Pro-arrhythmic potential of oral antihistamines (H1): combining adverse event reports with drug utilization data across Europe

Elisabetta Poluzzi, Emanuel Raschi, Brian Godman, Ariola Koci, Ugo Moretti, Marija Kalaba, Bjorn Wettermark, Miriam Sturkenboom, Fabrizio De Ponti

Research output: Contribution to journalArticle

29 Citations (Scopus)

Abstract

Background. There is appreciable utilisation of antihistamines (H1) in European countries, either prescribed by physician and purchased by patients for self-medication. Terfenadine and astemizole underwent regulatory restrictions in ’90 because of their cardiac toxicity, but only scarce clinical data are available on other antihistamines. Aim. To investigate the pro-arrhythmic potential of antihistamines by combining safety reports of the FDA Adverse Event Reporting System (FAERS) with drug utilization data from 13 European Countries. Methods. We identified signals of antihistamine arrhythmogenic potential by analyzing FAERS database for all cases of Torsades de Pointes (TdP), QT abnormalities (QTabn), ventricular arrhythmia (VA) and sudden cardiac death/cardiac arrest (SCD/CA). Number of cases ≥3 and disproportionality were used to define alert signals: TdP and QTabn identified stronger signals, whereas SCD/CA identified weaker signals. Drug utilization data from 2005 to 2010 were collected from administrative databases through health authorities and insurance.Results. Antihistamines were reported in 109 cases of TdP/QT prolongation, 278 VA and 610 SCD/CA. Five agents resulted in stronger signals (cetirizine, desloratadine, diphenhydramine, fexofenadine, loratadine) and 6 in weaker signals (alimemazine, carbinoxamine, cyclizine, cyproeptadine, dexchlorpheniramine and doxylamine). Exposure to antihistamines with stronger signal was markedly different across European countries and was at least 40% in each Country. Cetirizine was >29 Defined Daily Doses per 1000 inhabitants per day (DID) in Norway, desloratadine >11 DID in France and loratadine >9 DID in Sweden and Croatia. Drugs with weaker signals accounted for no more than 10% (in Sweden) and in most European countries their use was negligible.Conclusions. Some second-generation antihistamines are associated with signal of torsadogenicity and largely used in most European countries. Although confirmation by analytical studies is required, regulators and clinicians should consider risk-minimisation activities. Also antihistamines without signal but with peculiar use in a few Countries (e.g., levocetirizine) or with increasing consumption (e.g., rupatadine) deserve careful surveillance.
LanguageEnglish
Article numbere0119551
Number of pages14
JournalPLOS One
Volume10
Issue number3
DOIs
Publication statusPublished - 18 Mar 2015

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antihistamines
Drug Utilization
Histamine Antagonists
mouth
drugs
Torsades de Pointes
Sudden Cardiac Death
Pharmaceutical Preparations
cardiac arrest
Heart Arrest
Loratadine
Cetirizine
fexofenadine
arrhythmia
Sweden
death
Cardiac Arrhythmias
Cyclizine
Doxylamine
Trimeprazine

Keywords

  • oral antihistamines
  • adverse event reports
  • drug use in Europe

Cite this

Poluzzi, Elisabetta ; Raschi, Emanuel ; Godman, Brian ; Koci, Ariola ; Moretti, Ugo ; Kalaba, Marija ; Wettermark, Bjorn ; Sturkenboom, Miriam ; De Ponti, Fabrizio. / Pro-arrhythmic potential of oral antihistamines (H1) : combining adverse event reports with drug utilization data across Europe . In: PLOS One. 2015 ; Vol. 10, No. 3.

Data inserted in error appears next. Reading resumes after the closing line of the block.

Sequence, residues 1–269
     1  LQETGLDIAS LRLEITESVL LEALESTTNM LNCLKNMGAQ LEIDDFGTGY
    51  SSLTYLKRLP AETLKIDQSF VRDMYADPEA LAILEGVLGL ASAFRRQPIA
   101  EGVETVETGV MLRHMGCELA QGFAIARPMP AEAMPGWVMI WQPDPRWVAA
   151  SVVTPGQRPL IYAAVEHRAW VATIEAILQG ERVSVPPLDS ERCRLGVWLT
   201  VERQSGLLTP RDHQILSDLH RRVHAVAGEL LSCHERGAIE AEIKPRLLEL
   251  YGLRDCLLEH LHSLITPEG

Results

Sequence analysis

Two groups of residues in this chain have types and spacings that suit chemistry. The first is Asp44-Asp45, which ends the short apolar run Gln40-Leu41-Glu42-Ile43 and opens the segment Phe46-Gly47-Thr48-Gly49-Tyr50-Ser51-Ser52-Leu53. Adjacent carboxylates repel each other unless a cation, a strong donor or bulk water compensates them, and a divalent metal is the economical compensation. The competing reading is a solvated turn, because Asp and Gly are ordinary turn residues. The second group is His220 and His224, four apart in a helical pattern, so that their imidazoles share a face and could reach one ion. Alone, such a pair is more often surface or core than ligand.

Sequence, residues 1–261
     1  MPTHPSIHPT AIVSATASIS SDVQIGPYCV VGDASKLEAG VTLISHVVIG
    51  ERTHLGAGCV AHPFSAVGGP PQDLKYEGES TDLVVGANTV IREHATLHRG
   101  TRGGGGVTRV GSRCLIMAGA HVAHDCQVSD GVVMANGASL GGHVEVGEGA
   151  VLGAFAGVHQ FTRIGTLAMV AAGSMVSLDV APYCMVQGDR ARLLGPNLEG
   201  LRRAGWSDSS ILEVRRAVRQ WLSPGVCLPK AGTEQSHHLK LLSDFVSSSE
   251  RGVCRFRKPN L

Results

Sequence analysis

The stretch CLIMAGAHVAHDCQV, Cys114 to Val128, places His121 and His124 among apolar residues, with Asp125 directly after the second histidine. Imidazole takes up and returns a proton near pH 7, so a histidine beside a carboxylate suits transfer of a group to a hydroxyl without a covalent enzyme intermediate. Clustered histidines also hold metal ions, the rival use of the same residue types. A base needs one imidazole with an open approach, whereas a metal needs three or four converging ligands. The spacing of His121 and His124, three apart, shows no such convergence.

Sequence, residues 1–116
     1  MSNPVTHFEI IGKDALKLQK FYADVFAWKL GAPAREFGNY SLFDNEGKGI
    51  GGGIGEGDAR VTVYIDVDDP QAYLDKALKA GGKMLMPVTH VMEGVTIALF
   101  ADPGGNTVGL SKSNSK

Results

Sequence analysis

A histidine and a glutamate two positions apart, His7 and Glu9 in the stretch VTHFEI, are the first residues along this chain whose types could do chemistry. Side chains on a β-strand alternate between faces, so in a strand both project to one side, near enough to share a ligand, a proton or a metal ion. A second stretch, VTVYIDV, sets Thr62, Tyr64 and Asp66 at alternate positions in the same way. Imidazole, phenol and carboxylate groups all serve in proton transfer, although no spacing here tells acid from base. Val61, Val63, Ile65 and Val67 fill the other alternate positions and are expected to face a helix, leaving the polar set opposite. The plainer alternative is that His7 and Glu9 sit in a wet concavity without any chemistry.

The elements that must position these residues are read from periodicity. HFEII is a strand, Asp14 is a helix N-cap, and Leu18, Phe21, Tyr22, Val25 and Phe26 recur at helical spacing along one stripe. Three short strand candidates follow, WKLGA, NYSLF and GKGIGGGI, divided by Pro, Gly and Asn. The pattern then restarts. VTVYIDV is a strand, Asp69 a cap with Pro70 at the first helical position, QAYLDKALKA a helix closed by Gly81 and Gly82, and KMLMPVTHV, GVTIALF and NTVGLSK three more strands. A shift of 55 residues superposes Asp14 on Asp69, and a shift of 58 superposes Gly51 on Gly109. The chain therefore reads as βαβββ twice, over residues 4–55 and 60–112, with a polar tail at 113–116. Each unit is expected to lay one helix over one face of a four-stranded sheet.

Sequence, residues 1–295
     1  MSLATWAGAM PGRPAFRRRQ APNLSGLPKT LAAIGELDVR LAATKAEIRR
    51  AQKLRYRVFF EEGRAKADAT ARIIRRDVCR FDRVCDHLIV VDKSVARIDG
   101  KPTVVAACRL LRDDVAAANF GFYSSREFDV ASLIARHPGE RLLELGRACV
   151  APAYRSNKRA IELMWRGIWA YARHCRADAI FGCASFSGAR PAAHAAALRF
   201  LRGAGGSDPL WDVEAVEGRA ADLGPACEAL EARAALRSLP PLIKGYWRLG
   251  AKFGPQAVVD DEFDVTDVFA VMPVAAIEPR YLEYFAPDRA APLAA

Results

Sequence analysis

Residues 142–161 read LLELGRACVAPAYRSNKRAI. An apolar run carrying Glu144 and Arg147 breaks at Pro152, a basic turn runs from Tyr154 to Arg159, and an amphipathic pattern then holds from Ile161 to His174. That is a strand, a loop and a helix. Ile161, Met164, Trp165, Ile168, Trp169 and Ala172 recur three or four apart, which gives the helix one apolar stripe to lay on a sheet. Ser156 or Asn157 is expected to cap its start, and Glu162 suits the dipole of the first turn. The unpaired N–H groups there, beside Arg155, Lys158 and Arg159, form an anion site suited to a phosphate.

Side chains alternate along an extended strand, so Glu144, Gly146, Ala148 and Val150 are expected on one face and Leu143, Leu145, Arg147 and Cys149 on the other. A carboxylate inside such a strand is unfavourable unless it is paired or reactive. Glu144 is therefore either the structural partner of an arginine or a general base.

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abstract = "Background. There is appreciable utilisation of antihistamines (H1) in European countries, either prescribed by physician and purchased by patients for self-medication. Terfenadine and astemizole underwent regulatory restrictions in ’90 because of their cardiac toxicity, but only scarce clinical data are available on other antihistamines. Aim. To investigate the pro-arrhythmic potential of antihistamines by combining safety reports of the FDA Adverse Event Reporting System (FAERS) with drug utilization data from 13 European Countries. Methods. We identified signals of antihistamine arrhythmogenic potential by analyzing FAERS database for all cases of Torsades de Pointes (TdP), QT abnormalities (QTabn), ventricular arrhythmia (VA) and sudden cardiac death/cardiac arrest (SCD/CA). Number of cases ≥3 and disproportionality were used to define alert signals: TdP and QTabn identified stronger signals, whereas SCD/CA identified weaker signals. Drug utilization data from 2005 to 2010 were collected from administrative databases through health authorities and insurance.Results. Antihistamines were reported in 109 cases of TdP/QT prolongation, 278 VA and 610 SCD/CA. Five agents resulted in stronger signals (cetirizine, desloratadine, diphenhydramine, fexofenadine, loratadine) and 6 in weaker signals (alimemazine, carbinoxamine, cyclizine, cyproeptadine, dexchlorpheniramine and doxylamine). Exposure to antihistamines with stronger signal was markedly different across European countries and was at least 40{\%} in each Country. Cetirizine was >29 Defined Daily Doses per 1000 inhabitants per day (DID) in Norway, desloratadine >11 DID in France and loratadine >9 DID in Sweden and Croatia. Drugs with weaker signals accounted for no more than 10{\%} (in Sweden) and in most European countries their use was negligible.Conclusions. Some second-generation antihistamines are associated with signal of torsadogenicity and largely used in most European countries. Although confirmation by analytical studies is required, regulators and clinicians should consider risk-minimisation activities. Also antihistamines without signal but with peculiar use in a few Countries (e.g., levocetirizine) or with increasing consumption (e.g., rupatadine) deserve careful surveillance.",